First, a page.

Developments in integration and APIs have provided businesses with huge benefits. Together, they provide businesses with newfound opportunity to unlock new revenue sources by making data more accessible rather than being stacked disparately at the edge or in on-premise sites.
However, as with any business strategy there are risks, and integration technologies must be used wisely. This rings particularly true when customer data is involved. So, how can organizations reap the rewards of APIs while ensuring consumer data is secure?
Record-breaking year for data breaches
To achieve business success, organizations need to deliver growth from digital transformation and make decisions based on large volumes of sensitive customer data. However, 2019 was the worst year ever for data breaches and, what’s more, today’s consumers are increasingly savvy about their data. More than ever, organizations need to be make sure that the way they handle and process customer data complies with contractual agreements.
That said, while mass data breaches are regularly dominating the headlines, the biggest cause of worry is no longer hackers. Rather, organizations need to look beyond the papers and ensure the data they’re processing is done in accordance with the purposes for which their customers believe it is being used.
Since GDPR was implemented, almost €400 million of fines have been levied. In January 2019, for example, France fined Google €50 million for breaching the transparency and consent requirements in connection with the way they processed personal data for ad personalization. Then, in September, Twitter admitted that it, too, had processed personal data in a manner that may have been in breach of regulations.
In both cases, it seems reasonable to speculate that the over-enthusiastic use of data by developers, exposed through APIs, may be at the root cause of such incidents. So how could this and the subsequent reputational fallout have been avoided?
Unlocking new sources of revenue
According to UK ICO guidelines, there are six lawful bases for processing data to which businesses must effectively manage and deploy their APIs if they are to ensure compliance. This means having complete, end-to-end visibility and security for B2C, B2B and B2B2C transactions, spanning across all data sources whether they be applications, devices, on-premise or in the cloud.
Failing to comply could cause severe reputational damage. For example, in the event of a data breach, individuals may be personally liable for up to £500,000 per incident. In this context, how can organizations trust developers to simply “do the right thing”? Perhaps more importantly: how can organizations ensure they have the necessary systems in place to control the way APIs expose sensitive data?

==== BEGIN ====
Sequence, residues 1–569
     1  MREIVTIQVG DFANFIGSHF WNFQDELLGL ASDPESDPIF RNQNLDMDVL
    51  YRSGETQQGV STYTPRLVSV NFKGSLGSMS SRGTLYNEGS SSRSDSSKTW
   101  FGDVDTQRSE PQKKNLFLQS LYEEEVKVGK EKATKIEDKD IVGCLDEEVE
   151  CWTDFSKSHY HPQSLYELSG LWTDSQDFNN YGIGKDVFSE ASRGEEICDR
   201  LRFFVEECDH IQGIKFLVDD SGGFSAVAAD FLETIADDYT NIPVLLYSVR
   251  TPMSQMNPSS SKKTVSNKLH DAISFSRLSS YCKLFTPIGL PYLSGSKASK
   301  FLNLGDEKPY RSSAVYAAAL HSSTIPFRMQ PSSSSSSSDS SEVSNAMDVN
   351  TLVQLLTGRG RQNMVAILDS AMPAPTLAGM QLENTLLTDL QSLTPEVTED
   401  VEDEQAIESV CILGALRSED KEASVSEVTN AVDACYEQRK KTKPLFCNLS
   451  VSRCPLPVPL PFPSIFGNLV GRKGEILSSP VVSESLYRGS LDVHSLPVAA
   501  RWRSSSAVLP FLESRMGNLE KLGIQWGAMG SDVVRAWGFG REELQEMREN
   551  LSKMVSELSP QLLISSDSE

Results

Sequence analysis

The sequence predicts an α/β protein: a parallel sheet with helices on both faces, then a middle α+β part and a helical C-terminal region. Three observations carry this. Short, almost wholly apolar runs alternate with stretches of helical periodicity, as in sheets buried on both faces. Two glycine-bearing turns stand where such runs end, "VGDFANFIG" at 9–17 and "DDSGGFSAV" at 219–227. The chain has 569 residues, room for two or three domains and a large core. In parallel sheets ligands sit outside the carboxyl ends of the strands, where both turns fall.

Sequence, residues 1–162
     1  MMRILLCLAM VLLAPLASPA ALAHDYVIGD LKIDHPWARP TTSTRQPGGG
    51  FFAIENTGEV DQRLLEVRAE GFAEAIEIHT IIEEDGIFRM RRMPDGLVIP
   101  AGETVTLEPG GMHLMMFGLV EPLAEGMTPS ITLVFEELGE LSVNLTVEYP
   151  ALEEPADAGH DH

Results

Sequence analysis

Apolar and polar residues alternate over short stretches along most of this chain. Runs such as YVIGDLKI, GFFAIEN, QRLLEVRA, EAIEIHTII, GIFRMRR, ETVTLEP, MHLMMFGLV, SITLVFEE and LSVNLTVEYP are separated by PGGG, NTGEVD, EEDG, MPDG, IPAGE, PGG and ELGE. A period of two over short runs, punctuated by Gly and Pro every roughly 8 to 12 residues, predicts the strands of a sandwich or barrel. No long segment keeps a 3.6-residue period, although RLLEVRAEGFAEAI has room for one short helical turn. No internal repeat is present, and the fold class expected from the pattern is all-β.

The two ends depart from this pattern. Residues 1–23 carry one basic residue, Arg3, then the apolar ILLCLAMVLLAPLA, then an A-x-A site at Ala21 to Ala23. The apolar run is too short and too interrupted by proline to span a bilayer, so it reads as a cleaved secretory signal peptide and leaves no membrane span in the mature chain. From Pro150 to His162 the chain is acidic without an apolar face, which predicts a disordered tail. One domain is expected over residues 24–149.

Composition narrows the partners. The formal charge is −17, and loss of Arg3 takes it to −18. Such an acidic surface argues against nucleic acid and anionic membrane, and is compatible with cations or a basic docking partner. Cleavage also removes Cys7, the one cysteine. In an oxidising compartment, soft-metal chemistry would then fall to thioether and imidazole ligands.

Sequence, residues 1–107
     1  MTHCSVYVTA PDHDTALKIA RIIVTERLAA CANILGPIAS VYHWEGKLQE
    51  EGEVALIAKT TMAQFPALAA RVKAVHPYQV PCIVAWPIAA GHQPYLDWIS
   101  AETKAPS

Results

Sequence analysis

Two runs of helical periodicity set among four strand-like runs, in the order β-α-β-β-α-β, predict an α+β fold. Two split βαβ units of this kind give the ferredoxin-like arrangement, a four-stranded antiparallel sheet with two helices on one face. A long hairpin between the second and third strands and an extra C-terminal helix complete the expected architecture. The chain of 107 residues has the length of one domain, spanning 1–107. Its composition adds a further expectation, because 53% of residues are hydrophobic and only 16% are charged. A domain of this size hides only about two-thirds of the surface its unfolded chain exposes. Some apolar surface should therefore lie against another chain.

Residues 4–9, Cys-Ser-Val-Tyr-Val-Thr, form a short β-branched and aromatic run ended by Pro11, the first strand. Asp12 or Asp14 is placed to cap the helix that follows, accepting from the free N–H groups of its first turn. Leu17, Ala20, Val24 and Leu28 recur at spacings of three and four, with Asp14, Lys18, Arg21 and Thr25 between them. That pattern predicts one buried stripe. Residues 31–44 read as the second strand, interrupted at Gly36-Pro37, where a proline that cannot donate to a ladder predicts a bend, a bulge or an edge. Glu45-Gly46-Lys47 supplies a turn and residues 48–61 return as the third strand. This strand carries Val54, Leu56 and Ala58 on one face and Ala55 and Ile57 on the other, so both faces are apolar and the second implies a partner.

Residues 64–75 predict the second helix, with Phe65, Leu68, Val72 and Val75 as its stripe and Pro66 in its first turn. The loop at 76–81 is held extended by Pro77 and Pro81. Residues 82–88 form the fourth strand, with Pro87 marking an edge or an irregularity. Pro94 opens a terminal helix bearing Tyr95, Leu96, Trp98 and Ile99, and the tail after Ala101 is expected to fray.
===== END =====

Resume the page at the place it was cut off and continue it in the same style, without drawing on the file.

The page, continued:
Luckily, integration and API platforms offer a solution, ensuring that the whole API lifecycle, from requirement to retirement, can be properly managed. This helps to minimize the likelihood that the power APIs provide is abused. From there, policy engines ensure the usage scope of every API can be defined and enforced while reverse invoke technology removes the need to open firewall ports, reducing the chances of hacking.
Integration and API platforms enable users to swiftly onboard partners and exchange documents with API based standards. With partner ecosystems more critical than ever, this proves invaluable as companies look to differentiate their offerings and compete effectively. In essence, coherent integration ensures that organizations can transact and share data with partners while platform technologies ensure they are created and managed effectively.
With access to this information, businesses can ensure the timely and accurate transaction of daily, crucial business documents while streamlining their supply chain, accelerating order-to-cash and increasing customer satisfaction.
Securing data with APIs: Improving efficiencies
APIs provide companies with newfound opportunity to accelerate their business outcomes. However, given the access to large volumes of sensitive information, they need to be leveraged responsibly. Businesses must therefore be open and transparent around the way they interact with consumer data, with the alternative leading to financial and reputational fallout.
Integration and API technologies enable businesses to avoid these risks, streamlining partner onboarding and providing full visibility and control over APIs. This will ultimately allow a company to manage their APIs effectively and efficiently, while ensuring any contractual and regulatory obligations are adhered to.